Scientists from Brigham Young University found that jogging helps lessen the
effects chronic stress has on the hippocampus,
a key area of the brain for learning and memory.
Chronic stress has been shown to hasten brain decline in people with mild
cognitive impairment and is considered a risk factor for Alzheimer's disease.
For this study, scientists divided mice into four groups:
a group that used running wheels and was exposed to stressful events, such as
swimming in cold water or walking on an elevated platform; a group that used
running wheels and was not exposed to stress; and two sedentary groups,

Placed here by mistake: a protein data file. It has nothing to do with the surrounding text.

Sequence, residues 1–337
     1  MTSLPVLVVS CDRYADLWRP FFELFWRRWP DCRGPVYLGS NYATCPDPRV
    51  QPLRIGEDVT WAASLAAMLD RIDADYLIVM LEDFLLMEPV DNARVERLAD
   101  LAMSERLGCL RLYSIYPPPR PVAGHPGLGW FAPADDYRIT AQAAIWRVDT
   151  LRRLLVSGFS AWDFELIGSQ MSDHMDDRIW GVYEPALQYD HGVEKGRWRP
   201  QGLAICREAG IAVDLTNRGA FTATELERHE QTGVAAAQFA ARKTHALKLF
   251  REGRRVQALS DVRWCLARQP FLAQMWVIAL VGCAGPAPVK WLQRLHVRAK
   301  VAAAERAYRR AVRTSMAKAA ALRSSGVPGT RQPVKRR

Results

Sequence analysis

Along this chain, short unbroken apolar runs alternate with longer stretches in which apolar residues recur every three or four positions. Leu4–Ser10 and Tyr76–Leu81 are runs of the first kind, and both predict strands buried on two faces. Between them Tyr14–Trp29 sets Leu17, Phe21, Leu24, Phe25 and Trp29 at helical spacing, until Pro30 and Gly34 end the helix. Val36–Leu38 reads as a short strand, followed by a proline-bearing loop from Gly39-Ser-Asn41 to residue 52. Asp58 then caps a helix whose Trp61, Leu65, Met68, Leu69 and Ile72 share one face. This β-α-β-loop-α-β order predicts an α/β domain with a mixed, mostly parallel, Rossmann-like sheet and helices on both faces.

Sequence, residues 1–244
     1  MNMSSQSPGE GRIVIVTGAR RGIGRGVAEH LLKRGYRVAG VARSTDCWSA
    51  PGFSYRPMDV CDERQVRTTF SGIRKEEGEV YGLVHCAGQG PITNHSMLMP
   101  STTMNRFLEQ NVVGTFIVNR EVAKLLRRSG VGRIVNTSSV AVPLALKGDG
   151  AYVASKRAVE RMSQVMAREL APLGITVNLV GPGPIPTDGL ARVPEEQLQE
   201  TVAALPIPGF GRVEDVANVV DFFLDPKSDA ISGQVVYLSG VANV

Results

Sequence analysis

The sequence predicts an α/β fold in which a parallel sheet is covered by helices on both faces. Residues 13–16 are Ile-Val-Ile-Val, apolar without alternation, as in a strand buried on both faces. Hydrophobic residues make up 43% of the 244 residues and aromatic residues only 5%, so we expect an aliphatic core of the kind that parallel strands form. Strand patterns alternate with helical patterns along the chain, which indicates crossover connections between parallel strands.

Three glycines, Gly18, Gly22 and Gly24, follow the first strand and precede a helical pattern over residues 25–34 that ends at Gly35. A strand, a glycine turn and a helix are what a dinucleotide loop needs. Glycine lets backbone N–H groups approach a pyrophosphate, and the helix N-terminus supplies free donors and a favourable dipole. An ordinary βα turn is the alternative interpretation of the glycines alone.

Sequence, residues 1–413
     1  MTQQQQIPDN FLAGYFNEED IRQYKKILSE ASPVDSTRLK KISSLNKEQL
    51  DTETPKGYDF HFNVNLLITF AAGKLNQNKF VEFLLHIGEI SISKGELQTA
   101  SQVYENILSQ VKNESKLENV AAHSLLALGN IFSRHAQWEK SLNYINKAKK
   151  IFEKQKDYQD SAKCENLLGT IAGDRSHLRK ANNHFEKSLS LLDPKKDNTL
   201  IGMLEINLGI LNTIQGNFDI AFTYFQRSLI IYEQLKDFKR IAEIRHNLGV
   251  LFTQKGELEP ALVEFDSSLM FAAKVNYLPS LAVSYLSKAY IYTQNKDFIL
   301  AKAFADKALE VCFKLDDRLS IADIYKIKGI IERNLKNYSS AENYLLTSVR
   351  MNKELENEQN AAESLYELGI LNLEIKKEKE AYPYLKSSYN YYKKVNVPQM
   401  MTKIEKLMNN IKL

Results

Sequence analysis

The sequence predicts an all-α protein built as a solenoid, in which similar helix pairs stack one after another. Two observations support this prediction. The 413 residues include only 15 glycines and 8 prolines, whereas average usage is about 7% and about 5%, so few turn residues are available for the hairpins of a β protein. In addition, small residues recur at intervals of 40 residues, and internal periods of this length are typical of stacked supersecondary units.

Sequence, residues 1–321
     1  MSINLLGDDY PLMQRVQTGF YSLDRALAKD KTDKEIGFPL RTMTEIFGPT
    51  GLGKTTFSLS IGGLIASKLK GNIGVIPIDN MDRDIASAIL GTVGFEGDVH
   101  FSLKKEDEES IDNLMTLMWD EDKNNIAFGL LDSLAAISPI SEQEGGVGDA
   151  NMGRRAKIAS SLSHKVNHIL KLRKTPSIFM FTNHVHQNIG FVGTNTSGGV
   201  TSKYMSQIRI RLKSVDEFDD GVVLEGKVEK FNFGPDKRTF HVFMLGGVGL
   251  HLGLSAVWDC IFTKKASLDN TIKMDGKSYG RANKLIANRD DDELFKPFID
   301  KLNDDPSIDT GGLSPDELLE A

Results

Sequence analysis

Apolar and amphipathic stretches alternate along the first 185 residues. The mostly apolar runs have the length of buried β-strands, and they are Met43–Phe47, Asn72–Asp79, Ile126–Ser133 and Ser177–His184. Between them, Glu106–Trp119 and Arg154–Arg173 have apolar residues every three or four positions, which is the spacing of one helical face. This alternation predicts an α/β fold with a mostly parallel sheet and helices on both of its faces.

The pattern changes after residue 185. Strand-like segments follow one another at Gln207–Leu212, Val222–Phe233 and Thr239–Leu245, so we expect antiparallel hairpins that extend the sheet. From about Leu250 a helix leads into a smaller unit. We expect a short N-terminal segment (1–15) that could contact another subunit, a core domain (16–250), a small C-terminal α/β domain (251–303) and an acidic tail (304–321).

one that experienced stressful events and one that didn't.
In a maze running activity that tested memory, stressed mice
who exercised performed just as well as non-stressed mice who exercised.
"Exercise is a simple and cost-effective way to eliminate the negative impacts on memory of chronic stress,"
said study lead author Jeff Edwards, associate professor of physiology and
developmental biology at BYU. The study points to the steps we can take to
limit the impact of stress on overall brain health, even if we can't remove stress
entirely from our lives.
"The ideal situation for improving learning and memory would be to experience
no stress and to exercise," said Edwards.
"Of course, we can't always control stress in our lives, but we can control
how much we exercise. It's empowering to know that we can combat the
negative impacts of stress on our brains just by getting out and running.
"This study was published in the journal Neurobiology of Learning